Green NCAP releases its first Life Cycle Assessment results | Federation Internationale de l'Automobile

Green NCAP releases its first Life Cycle Assessment results

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On 21 April, Green NCAP announced its first Life Cycle Assessment (LCA) results, examining the real environmental impact of some of Europe’s most popular cars in order to help car buyers make more informed and sustainable choices.

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To understand the true ecological impact and sustainability of a car, it must be viewed in the context of its whole life cycle. This means that all processes and flows of resources and energy associated with the car’s production, usage, and recycling must be considered. LCA is the method that estimates these individual contributions to predict the car’s environmental impact over its entire lifetime ‘from cradle to grave’.

Green NCAP’s Life Cycle Assessment involves estimations based on the available data and state-of-the art scientific methodology, developed by JOANNEUM RESEARCH and peer-reviewed by the PAUL SCHERRER INSTITUTE. A unique feature of Green NCAP’s approach is the use of realistic, comprehensive, and precise vehicle measurements to estimate the impact of the vehicle’s use phase. The average, best and worst measured fuel and energy consumptions from Green NCAP's tests serve as input data for the LCA calculations, revealing the potential effect of driving style and ambient conditions on the LCA results. Beside vehicle test data, the LCA methodology includes the forecast about changing electricity mix in various countries and the estimated evolution of the energy supply for the next two decades. Green NCAP’s Life Cycle Assessment hence sets the stage for the first true long-term harmonised vehicle LCA platform for the European market.

To demonstrate the value of the LCA approach, Green NCAP has calculated the estimated total life cycle greenhouse gas emissions and primary energy demand for the 61 recent cars tested in the programme in the period 2019-2021. This batch includes vehicles of all sizes and types, including conventional petrol and diesel, full-electric and hybrid-electric cars. For the comparative analysis, a nominal vehicle lifetime of 16 years and a total driven mileage of 240,000 km are assumed. The calculations are based on the current forecast about changing average energy mix of the 27 European Union member states and the United Kingdom, cancelling out the effect that local energy supply has on the cars’ LCA values. For each model, the transportation process flow and the output are summarised in a LCA factsheet.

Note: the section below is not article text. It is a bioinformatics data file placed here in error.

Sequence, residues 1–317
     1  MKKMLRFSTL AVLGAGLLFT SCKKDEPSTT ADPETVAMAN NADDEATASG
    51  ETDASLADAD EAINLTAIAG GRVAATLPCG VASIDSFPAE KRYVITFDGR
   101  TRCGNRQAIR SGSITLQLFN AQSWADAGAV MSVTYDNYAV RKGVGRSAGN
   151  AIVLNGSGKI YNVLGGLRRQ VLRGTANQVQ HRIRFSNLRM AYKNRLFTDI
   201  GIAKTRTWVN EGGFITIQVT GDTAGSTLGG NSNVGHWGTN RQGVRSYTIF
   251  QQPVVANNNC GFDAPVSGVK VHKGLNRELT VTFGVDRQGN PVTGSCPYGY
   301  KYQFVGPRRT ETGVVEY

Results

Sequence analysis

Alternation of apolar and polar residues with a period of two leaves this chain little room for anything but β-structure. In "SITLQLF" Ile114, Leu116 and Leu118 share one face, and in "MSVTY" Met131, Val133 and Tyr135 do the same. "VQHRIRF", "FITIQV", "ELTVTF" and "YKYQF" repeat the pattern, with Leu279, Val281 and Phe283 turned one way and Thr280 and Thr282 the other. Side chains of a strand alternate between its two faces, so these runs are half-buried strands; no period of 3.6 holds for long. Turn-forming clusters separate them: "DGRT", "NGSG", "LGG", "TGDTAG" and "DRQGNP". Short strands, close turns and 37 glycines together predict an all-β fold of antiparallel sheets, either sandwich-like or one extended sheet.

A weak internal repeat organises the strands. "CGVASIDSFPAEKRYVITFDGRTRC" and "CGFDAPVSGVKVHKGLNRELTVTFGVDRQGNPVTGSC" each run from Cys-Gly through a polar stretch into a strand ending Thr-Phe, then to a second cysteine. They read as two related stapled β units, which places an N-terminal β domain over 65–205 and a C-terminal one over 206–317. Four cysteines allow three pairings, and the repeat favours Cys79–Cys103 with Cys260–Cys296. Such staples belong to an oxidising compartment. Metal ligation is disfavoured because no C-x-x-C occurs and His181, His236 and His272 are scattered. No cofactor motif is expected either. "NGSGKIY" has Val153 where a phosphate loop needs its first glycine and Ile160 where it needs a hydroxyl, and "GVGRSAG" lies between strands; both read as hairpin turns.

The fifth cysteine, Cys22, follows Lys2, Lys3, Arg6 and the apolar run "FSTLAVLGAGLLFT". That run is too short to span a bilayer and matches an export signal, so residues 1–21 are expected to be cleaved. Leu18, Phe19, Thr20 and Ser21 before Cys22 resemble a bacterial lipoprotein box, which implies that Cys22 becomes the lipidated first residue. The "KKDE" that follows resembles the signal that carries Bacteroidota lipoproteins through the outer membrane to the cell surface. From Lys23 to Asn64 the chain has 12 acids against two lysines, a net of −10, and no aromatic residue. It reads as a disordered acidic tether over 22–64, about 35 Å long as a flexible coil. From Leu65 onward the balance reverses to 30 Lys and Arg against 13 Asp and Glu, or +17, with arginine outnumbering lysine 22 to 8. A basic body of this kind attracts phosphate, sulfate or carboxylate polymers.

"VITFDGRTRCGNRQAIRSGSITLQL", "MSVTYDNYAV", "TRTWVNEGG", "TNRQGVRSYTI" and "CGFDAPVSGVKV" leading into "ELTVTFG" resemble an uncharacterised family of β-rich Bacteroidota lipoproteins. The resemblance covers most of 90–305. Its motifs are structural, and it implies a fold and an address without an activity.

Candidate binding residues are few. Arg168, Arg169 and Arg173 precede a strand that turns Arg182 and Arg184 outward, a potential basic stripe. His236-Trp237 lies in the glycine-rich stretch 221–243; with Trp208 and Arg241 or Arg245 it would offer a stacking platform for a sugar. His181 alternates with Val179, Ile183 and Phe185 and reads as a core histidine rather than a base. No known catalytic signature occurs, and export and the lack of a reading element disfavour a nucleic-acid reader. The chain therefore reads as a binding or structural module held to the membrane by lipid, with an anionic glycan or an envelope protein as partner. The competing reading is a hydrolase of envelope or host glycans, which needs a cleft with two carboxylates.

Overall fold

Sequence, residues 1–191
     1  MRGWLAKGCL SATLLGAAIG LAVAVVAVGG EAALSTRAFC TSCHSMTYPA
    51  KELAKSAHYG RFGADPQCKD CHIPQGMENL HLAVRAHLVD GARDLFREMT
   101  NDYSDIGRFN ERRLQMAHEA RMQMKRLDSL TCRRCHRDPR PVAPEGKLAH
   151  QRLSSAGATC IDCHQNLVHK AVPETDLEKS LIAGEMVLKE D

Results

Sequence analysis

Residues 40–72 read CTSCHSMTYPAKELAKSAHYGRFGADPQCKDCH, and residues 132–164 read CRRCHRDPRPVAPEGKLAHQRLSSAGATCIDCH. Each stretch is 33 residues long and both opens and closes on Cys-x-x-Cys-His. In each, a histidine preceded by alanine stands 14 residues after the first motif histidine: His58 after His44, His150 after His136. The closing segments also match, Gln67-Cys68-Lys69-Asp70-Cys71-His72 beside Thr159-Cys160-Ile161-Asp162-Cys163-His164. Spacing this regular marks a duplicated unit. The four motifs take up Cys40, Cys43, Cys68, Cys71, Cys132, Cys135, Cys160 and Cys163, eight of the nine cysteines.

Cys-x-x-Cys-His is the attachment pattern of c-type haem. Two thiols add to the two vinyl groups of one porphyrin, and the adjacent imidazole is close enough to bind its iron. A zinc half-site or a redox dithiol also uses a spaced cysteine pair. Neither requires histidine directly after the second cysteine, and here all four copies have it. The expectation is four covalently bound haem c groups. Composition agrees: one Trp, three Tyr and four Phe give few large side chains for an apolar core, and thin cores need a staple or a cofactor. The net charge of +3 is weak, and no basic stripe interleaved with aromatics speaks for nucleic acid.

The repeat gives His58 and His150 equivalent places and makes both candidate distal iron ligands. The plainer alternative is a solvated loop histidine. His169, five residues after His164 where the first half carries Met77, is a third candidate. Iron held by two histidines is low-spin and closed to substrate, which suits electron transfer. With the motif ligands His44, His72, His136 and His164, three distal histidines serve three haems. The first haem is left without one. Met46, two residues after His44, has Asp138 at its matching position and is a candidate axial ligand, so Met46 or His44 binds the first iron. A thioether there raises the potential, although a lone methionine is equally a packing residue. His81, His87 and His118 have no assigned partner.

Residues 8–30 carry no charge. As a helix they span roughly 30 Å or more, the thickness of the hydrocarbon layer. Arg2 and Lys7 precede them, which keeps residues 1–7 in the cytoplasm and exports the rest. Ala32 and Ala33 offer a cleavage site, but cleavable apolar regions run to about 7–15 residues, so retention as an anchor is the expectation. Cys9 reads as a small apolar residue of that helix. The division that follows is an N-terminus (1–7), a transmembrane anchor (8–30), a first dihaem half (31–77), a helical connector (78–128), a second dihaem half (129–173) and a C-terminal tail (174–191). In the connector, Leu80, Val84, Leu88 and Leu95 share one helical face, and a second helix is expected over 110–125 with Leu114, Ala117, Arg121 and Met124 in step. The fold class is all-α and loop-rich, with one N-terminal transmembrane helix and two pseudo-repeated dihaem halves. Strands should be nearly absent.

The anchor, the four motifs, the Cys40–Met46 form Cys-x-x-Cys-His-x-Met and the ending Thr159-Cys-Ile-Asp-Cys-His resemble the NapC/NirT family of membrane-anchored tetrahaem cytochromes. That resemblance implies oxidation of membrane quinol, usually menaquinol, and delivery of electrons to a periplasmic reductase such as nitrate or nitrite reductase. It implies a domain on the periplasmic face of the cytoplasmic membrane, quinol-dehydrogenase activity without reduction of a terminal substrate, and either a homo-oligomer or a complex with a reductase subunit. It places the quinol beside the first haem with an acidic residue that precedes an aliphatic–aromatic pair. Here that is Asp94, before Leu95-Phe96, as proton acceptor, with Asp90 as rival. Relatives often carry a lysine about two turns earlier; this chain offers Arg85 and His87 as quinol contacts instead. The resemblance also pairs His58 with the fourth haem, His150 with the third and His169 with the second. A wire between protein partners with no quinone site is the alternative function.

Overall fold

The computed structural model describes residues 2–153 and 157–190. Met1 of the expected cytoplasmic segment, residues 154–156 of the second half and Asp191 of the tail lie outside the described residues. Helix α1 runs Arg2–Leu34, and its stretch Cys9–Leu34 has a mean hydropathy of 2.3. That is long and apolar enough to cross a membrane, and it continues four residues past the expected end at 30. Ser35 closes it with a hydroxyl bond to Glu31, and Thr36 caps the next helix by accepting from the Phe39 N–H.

Overall, the results show that total estimated greenhouse gas emissions and primary energy demand, and the respective contributions at different phases and time in the life cycle, may vary significantly depending on the propulsion system, the energy carrier and other factors.  For conventional vehicles, the burning of fossil fuel during the operational phase accounts for most of the life cycle emissions and energy demand. This is different for electric cars for which the production phase on average accounts for a larger share of the total, while emissions in usage can vary depending on the portion of energy from non-renewable sources in the electricity used for charging. Electric cars have zero local greenhouse gas emissions and show overall the best LCA numbers in the European average. Not every car of the same powertrain type is equal too: the LCA analysis clearly shows that the impact of vehicle mass and size remains significant for all vehicle types. The same can be said about how cars are driven – relaxed or sporty. Additionally, to optimise their driving style, consumers that chose plug-in hybrid cars can help reduce the impact on the climate by making sure their cars are always fully charged.

While it is still too early to consider an all-encompassing star rating system based on LCA, the information provided underlines the importance of adopting a holistic approach towards the real life cycle environmental impact of modern cars and the role LCA will play in consumer information programmes.

Green NCAP makes its life cycle assessment details available for information purposes only, without ranking of better or worse cars. The next step, coming soon, is the launch of an interactive LCA platform, allowing consumers to examine LCA results based on their own local parameters and car use.

Finally, like any other LCA method, there are limitations to consider. With the impact on global warming and total primary energy demand, Green NCAP’s LCA accounts for the most relevant environmental aspects. However, other environmental effects of pollutant emissions like NOx, SO2, particulate matter and their consequential impacts like acidification, ozone formation, and toxicity to humans are not considered. The life cycle impact of a transport system on water demand, pollution of water or soil are also not included in the assessment yet.

The Fédération Internationale de l’Automobile (FIA) contributes to the development of the Green NCAP programme through the FIA Sustainable Mobility Programme. Established in 2016 and receiving funding from the FIA Foundation, the FIA Sustainable Mobility Programme supports sustainable, accessible and inclusive mobility initiatives.


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